With improved technology that's economically attractive, we now have the ability to decentralize our energy system, create a far more resilient city, and save residents and businesses money.

Better Data & Transparency — Giving consumers access to their data, & improving city clean energy programs 

This new, smarter grid will depend on information flow as much as energy flow. Unfortunately, at present, DC’s grid operates with analog data that provides little visibility into energy demand, DER supply, and the electric distribution system — all things that will change with a smarter grid.

A few real world examples of the paucity of local energy data, and how improved data availability could help.

  • Monthly to real-time data. Monthly utility bills are the singular source of info for most of DC’s energy users. These 12 points of data, per building per year, stand in stark contrast to the 35,040 points of data available from smart meters.
    • With more granular data, homes and businesses can deploy more intelligent solutions (e.g. storage) to reduce their peak demand — saving money and reducing the need for centralized energy infrastructure.  
    • Data availability works the same for energy as it does in other applications (e.g. FitBit): energy users are much more likely to seek solutions, and change behavior, with real-time information and feedback.
  • Data from distributed generation. There is virtually no data available from the thousands of Distributed Energy Resources (DERs) deployments across the District. Though the data acquisition technology is in place, no system exists to collect this data for key stakeholders.
    • With actual generation data, the District can plan and execute dynamic programs (e.g. solar+storage) to reduce peak demand and mitigate unnecessary infrastructure spending.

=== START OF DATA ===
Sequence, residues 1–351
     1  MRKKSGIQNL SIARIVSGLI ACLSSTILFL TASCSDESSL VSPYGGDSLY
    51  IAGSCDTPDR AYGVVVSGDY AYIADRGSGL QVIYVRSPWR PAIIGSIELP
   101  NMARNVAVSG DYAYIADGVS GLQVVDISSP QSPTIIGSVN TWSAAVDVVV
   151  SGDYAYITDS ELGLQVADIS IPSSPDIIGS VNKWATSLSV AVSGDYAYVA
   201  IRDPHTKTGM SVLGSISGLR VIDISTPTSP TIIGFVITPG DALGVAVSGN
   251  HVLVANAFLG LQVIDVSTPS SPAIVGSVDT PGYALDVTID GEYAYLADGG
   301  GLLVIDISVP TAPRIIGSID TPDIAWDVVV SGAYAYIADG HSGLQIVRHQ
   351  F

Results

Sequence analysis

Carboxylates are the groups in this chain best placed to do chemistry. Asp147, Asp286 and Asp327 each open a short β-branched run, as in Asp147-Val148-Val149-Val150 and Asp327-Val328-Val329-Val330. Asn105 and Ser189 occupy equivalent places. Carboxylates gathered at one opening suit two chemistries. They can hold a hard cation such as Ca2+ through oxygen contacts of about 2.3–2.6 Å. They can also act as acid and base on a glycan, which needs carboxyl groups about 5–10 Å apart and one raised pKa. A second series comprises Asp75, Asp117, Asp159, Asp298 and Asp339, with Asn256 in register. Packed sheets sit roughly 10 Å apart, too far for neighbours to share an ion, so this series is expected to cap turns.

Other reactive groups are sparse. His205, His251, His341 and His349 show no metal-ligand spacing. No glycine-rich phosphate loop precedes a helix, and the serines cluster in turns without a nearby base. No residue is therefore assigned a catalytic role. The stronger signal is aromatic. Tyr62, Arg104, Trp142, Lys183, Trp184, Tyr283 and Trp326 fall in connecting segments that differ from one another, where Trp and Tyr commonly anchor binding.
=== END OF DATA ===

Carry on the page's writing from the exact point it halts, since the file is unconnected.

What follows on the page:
• Better measurement and verification (M&V) of energy programs. M&V for the District's clean energy programs and subsidies, funded with hundreds of millions of ratepayer dollars, are largely done through “desk reviews," not with actual data. This leaves the government blind to the actual performance of its programs.
    • Performance-based M&V would not only improve accountability for city programs, but it would enable planning for innovative and behavior-based energy solutions.


Utilizing Existing Assets — Leveraging existing policies and assets to save ratepayers money
 

The good news? DC is uniquely positioned to create a state-of-the-art grid. While jurisdictions across America wait for smart meter deployments to catalyze grid modernization, the District has already done much of the heavy lifting.

“Smart meters are the ultimate enabler for the discussion of renewables, for electric vehicles. This opens the door.”

— Thomas Graham, former Pepco President, 2010

More than five years ago, the city invested nearly $100 million in Advanced Metering Infrastructure (AMI). With the nation’s leading per-capita deployment of smart meters — over 250,000 meters total — it’s now possible to securely transmit electrical consumption data at high resolution. The benefits, some of which are described above, could be enormous.

As noted here, the District has also passed, and is currently considering, progressive laws to promote clean energy. A smarter grid would make those laws far more useful. For instance, the District's proposed Green Bank would benefit enormously from an environment that pursues non-wires alternatives (NWAs) instead of traditional infrastructure. Financing for NWAs could be dynamic; the Green Bank could help bring down those costs.


Collaboration — A better informed process that works for all residents 

Far too often, decision-making regarding our energy infrastructure is done behind closed doors. Notably, forecasts for electricity consumption and required capacity — the basis for traditional infrastructure spending — are done without any input from local stakeholders and without the benefit of DER data. Perhaps it's not a surprise, then, that the utility's forecasts are frequently inaccurate and too high.  

A smarter grid requires transparency and collaboration when it comes to utility planning. A decentralized grid means opening up the "black box" of utility planning to the grid's new stakeholders: the thousands of homes and businesses now producing their own power with their distributed energy resources (DERs).